After an extended pause, I am going to try and re-start blogging here (as well as at my other blog, found at http://thelukewarmersway.wordpress.com/. (I keep the blogs separate because this is the site where I annoy the skeptics and The Lukewarmer’s Way is where I annoy the alarmists.)
In case you’ve forgotten, the overall theme of this blog is that expert agencies charged with forecasting our energy future are consistently underestimating the path of future energy consumption.
In 2010 the U.S. Department of Energy published forecasts for global energy consumption, using a ‘reference’ (mid-range) estimate, another based on low economic growth and a third based on high economic growth.
The low economic growth estimate for 2012 energy consumption was 514.71 quads.
The ‘reference’ or mid-range estimate for 2012 was 518.95 quads.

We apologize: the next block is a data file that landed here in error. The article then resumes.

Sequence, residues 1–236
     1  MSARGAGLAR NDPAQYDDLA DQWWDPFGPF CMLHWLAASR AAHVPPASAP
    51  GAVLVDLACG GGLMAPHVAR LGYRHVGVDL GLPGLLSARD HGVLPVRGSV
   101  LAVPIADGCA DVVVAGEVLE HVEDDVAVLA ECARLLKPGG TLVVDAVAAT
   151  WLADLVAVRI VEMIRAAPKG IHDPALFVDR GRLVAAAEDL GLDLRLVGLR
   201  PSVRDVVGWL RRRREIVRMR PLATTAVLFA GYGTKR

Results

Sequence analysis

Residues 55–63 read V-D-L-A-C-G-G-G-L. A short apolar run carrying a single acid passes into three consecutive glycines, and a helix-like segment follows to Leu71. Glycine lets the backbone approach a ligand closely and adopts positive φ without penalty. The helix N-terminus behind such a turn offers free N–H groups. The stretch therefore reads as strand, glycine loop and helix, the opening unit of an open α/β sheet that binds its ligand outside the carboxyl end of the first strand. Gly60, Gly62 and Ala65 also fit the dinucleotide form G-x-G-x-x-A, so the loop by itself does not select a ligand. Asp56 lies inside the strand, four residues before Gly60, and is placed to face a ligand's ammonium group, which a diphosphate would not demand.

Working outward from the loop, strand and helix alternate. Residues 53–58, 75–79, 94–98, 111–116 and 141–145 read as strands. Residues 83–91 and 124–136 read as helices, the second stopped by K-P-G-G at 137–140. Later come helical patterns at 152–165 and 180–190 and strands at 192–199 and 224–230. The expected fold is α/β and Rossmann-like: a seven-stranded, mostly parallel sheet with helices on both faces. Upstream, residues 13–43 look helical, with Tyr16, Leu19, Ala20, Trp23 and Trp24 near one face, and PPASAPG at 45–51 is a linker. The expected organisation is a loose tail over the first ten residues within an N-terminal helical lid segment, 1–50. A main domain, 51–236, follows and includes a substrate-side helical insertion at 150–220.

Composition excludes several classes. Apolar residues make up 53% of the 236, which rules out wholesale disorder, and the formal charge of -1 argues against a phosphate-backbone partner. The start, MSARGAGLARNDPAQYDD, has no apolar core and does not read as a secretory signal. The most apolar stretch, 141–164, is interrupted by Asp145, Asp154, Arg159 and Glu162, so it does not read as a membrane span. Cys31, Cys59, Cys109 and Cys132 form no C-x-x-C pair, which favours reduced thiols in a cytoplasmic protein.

The estimate based on high economic growth was 523.44 quads.
Actual global energy consumption according to their later figures for 2012 was 528.7973.
I’ll leave it to the reader to determine whether global growth since 2010 has been low, mid-range or high. But to fall this far behind in a 25-year forecast after only two years would make me as a forecaster quite nervous.
Figures for 2013 have yet to be published, but here are the EIA’s forecasts from 2010:
Low economic growth: 521.47
Reference (mid-range): 527.18
High economic growth: 533.57
“I’ll leave it to the reader to determine whether global growth since 2010 has been low, mid-range or high.”
Or whether it matters. It seems to be a factoid that is probably important to an economist or actuarian. Still, it is interesting enough for me to come here and read it.